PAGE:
Dictionary.com
definitions
  • synonyms

extrapolate

[ik-strap-uh-leyt]
See more synonyms on Thesaurus.com
verb (used with object), ex·trap·o·lat·ed, ex·trap·o·lat·ing.
  1. to infer (an unknown) from something that is known; conjecture.
  2. Statistics. to estimate (the value of a variable) outside the tabulated or observed range.
  3. Mathematics. to estimate (a function that is known over a range of values of its independent variable) to values outside the known range.
verb (used without object), ex·trap·o·lat·ed, ex·trap·o·lat·ing.
  1. to perform extrapolation.

Origin of extrapolate

First recorded in 1825–35; extra- + (inter)polate
Related formsex·trap·o·la·tion, nounex·trap·o·la·tive, ex·trap·o·la·to·ry [ik-strap-uh-luh-tawr-ee, -tohr-ee] /ɪkˈstræp ə ləˌtɔr i, -ˌtoʊr i/, adjectiveex·trap·o·la·tor, nouno·ver·ex·trap·o·la·tion, noun
Can be confuseddeduction extrapolation induction generalization hypothesis
Dictionary.com Unabridged Based on the Random House Unabridged Dictionary, © Random House, Inc. 2018

Examples from the Web for extrapolator

Historical Examples

  • He wondered if he dared threaten to send an Extrapolator out there to check them over.

    Eight Keys to Eden

    Mark Irvin Clifton

  • There wasn't a single hiccough from the machine to kick out an Extrapolator's signal to watch for anything unusual.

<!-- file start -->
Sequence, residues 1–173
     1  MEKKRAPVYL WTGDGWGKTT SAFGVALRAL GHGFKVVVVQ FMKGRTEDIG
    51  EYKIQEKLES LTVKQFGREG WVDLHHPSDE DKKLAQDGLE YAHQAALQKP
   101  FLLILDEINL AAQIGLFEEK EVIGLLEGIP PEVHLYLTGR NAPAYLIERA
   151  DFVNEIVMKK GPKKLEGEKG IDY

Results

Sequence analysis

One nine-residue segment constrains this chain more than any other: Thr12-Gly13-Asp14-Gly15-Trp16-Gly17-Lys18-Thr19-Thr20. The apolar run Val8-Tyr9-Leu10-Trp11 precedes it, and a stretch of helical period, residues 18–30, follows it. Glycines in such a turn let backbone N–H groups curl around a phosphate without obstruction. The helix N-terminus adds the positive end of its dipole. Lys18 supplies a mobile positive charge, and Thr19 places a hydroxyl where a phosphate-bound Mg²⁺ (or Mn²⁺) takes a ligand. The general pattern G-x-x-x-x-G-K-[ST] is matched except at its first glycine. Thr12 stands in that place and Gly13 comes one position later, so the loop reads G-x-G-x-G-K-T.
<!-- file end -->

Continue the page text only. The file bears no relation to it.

Eight Keys to Eden

    Mark Irvin Clifton


British Dictionary definitions for extrapolator

extrapolate

verb
  1. maths to estimate (a value of a function or measurement) beyond the values already known, by the extension of a curveCompare interpolate (def. 4)
  2. to infer (something not known) by using but not strictly deducing from the known facts
Derived Formsextrapolation, nounextrapolative or extrapolatory, adjectiveextrapolator, noun

Word Origin

C19: extra- + -polate, as in interpolate
Collins English Dictionary - Complete & Unabridged 2012 Digital Edition © William Collins Sons & Co. Ltd. 1979, 1986 © HarperCollins Publishers 1998, 2000, 2003, 2005, 2006, 2007, 2009, 2012

Word Origin and History for extrapolator

extrapolate

v.

1874, a back-formation from extrapolation by analogy of interpolate. Said in early references to be an expression of Sir George Airy (1801-1892), English mathematician and astronomer. Related: Extrapolated; extrapolating.

Online Etymology Dictionary, © 2010 Douglas Harper

extrapolator in Science

extrapolate

[ĭk-străpə-lāt′]
  1. To estimate the value of a quantity that falls outside the range in which its values are known.
The American Heritage® Science Dictionary Copyright © 2011. Published by Houghton Mifflin Harcourt Publishing Company. All rights reserved.